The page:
It opened in 1909 as the District Asylum for Renfrew Lunacy District. Paisley and Johnstone had their asylum at Riccartsbar, and Greenock an asylum at Smithston, now Ravenscraig. A central administrative wing and 2 villas for men and 2 villas for women were built. Further buildings were soon added due to overcrowding. Along with store buildings, a laundry, kitchen, a superintendent's house, workshops, nurses' homes and a mortuary an asylum complex soon grew up like a self-contained village with associated farmland. Around 300 patients lived here at this time and, as at other asylums, the aim was to create a feeling of community. The earliest patients were employed in putting the grounds in order, and then later residents worked on the neighbouring fields raising cows, pigs and poultry, growing turnips, potatoes, a vegetable garden, glasshouses and potting sheds. They also built and looked after a bowling green, tennis courts and a birdhouse.

Buildings at Dykebar Hospital
During World War I residents were moved to other institutions when it was used as a war hospital, except for some patients kept on to run the farm. During the Second World War whilst other hospitals were used as emergency hospitals, their residents were transferred to Dykebar. When it came under control of the newly formed NHS in 1948 the asylum took the name of Dykebar Hospital and the facilities were upgraded. A modern unit was added in 1975 to accommodate psycho-geriatric patients and other amenities and in that year with the closure of Riccartsbar, the patients from there were transferred to Dykebar.
Boarded up wards at Dykebar Hospital
1970s buildings now closed at Dykebar Hospital
Buildings at Dykebar Hospital
At present the hospital has a variety of buildings still in use and others which are boarded up, and at times have been vandalised. Even some of the modern buildings are being closed down as less patients are treated in hospital and the emphasis shifts to treating people at home, or managing psycho-geriatric cases in nursing homes in the private sector. Again this is a part of healthcare that was previously in the hands of the NHS, but now is largely taking place in nursing homes, with means-testing to see how much you have to pay to get the care that you need.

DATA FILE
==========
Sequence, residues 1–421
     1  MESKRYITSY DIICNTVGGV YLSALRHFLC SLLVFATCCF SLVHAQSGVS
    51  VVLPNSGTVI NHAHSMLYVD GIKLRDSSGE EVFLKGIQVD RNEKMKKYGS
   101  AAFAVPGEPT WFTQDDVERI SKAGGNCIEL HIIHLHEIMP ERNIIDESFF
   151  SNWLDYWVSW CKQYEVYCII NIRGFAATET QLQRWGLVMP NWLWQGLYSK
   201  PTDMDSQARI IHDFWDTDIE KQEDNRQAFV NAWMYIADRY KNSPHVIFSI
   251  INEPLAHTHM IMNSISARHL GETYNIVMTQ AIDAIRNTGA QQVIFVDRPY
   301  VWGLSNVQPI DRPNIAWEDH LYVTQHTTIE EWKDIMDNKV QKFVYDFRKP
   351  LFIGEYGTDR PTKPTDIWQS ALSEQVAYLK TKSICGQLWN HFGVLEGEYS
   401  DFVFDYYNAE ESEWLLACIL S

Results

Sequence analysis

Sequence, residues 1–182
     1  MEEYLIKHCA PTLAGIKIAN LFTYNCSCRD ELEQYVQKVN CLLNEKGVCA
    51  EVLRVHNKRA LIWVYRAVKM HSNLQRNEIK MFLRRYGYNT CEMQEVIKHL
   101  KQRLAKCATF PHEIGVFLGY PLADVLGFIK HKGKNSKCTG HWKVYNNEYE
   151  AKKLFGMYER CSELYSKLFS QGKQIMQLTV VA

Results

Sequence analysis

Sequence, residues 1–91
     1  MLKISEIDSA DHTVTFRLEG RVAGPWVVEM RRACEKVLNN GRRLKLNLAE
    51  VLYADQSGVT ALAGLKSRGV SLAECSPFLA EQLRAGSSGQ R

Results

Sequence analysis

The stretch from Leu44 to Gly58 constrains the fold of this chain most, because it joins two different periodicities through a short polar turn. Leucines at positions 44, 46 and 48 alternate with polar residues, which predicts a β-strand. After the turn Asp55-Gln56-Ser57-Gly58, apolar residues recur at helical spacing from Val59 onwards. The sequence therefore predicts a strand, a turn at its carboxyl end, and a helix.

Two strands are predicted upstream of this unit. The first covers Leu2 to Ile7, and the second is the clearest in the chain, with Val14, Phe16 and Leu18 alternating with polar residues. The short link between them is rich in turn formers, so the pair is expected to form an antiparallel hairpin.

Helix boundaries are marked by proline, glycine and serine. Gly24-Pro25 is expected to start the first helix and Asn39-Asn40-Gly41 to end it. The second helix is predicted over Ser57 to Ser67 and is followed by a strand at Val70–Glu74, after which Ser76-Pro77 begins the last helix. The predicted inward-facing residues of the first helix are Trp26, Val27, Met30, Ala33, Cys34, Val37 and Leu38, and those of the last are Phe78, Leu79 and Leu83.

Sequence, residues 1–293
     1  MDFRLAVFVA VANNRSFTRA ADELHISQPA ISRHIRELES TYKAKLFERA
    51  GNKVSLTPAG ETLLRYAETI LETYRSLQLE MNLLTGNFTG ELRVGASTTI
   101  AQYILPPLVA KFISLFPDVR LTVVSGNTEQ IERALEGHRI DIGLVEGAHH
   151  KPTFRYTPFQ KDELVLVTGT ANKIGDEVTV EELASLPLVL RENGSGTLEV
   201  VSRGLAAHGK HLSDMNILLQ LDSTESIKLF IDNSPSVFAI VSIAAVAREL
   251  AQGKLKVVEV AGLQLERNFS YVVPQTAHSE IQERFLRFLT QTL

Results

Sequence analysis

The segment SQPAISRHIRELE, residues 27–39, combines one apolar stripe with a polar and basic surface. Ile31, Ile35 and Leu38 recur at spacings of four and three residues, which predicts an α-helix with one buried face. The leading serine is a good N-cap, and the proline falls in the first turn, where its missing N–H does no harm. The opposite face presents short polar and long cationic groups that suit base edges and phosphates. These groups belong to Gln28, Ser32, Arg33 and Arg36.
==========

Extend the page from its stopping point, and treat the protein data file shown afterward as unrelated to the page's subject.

Other psychiatric hospitals of Glasgow and surrounding areas that I didn't manage to get to...

Technically the only new psychiatric hospital built in Scotland in the 20th century is Parkhead Hospital. It opened in 1988, on the same day as a Celtic v Rangers game at nearby Celtic Park. This was required due to the closure of Gartloch Hospital and the psychiatric wards at Duke Street Hospital. In-patient psychiatric wards are also present at Stobhill Hospital, Gartnavel Royal Hospital and Leverndale Hospital in the city.

Nothing survives of Stoneyetts Hospital, Moodiesburn which was open from 1913 - 1992, initially as Stoneyetts Certified Institution for Mental Defectives. 

The impressive clock tower buildings of Hartwood Hospital still stand in the village of that name, in North Lanarkshire, although much damage has been done by two fires in the last 10 years.


I wanted to take a brief look at the buildings in and around Glasgow that have housed people with mental health problems over the past three centuries. Looking at the bricks and mortar doesn't really tell you what life was like for individuals living in these institutions, and everyone's story and experiences are different. The stigma that many people still feel surrounding mental health problems may in part be due to the way people have been treated in the past, from being chained up in prison like conditions, to being held in remote, out of town asylums - out of sight and out of mind. The stigma and fear of the past still seems to linger, as can be seen by the way property developers trying to sell houses on the land of former asylums are coy about mentioning the real history of these sites. Only by paying attention to mistakes from the past can people avoid making the same mistakes in the future.